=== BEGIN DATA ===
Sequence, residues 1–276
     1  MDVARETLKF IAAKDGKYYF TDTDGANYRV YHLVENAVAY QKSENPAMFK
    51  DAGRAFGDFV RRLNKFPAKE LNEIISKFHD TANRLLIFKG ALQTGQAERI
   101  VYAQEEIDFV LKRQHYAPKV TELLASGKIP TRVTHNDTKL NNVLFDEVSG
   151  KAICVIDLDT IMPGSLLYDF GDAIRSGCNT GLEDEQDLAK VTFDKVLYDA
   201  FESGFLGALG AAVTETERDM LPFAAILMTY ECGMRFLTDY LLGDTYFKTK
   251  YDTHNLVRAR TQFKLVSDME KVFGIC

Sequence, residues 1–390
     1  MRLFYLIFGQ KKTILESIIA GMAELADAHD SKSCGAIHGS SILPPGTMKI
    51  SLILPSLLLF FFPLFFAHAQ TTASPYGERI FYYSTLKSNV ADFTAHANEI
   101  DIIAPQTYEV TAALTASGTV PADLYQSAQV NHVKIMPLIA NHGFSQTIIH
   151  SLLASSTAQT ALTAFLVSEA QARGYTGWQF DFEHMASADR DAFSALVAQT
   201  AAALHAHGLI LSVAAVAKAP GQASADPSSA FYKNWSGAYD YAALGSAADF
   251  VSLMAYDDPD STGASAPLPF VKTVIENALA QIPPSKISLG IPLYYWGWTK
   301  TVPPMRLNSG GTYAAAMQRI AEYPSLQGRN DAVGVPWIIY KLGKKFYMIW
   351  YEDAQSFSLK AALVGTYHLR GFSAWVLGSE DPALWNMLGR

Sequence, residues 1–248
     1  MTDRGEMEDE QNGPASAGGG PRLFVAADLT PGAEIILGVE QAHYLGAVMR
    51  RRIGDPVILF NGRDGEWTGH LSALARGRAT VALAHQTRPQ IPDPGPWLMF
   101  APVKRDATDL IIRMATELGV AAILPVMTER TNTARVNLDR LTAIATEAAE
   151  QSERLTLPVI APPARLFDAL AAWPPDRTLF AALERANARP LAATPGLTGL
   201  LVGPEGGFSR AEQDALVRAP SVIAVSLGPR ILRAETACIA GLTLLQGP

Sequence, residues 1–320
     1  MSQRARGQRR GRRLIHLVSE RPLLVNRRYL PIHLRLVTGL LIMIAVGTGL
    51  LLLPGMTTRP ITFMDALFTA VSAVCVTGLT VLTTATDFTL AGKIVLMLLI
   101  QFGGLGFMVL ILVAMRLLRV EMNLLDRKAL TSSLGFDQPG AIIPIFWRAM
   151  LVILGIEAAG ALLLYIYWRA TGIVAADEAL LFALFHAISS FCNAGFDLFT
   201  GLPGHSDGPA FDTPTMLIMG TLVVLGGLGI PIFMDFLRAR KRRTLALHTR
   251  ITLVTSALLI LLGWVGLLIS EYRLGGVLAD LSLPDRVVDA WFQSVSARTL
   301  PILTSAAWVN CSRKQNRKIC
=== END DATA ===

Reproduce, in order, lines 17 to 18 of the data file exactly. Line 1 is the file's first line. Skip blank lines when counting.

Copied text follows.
Sequence, residues 1–248
     1  MTDRGEMEDE QNGPASAGGG PRLFVAADLT PGAEIILGVE QAHYLGAVMR